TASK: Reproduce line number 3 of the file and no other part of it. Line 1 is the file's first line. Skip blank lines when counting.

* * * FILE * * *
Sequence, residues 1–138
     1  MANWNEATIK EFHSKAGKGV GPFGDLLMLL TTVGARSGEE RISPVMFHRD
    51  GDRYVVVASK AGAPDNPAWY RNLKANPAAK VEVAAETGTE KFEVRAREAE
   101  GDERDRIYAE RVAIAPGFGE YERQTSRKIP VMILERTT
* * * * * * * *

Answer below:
    51  GDRYVVVASK AGAPDNPAWY RNLKANPAAK VEVAAETGTE KFEVRAREAE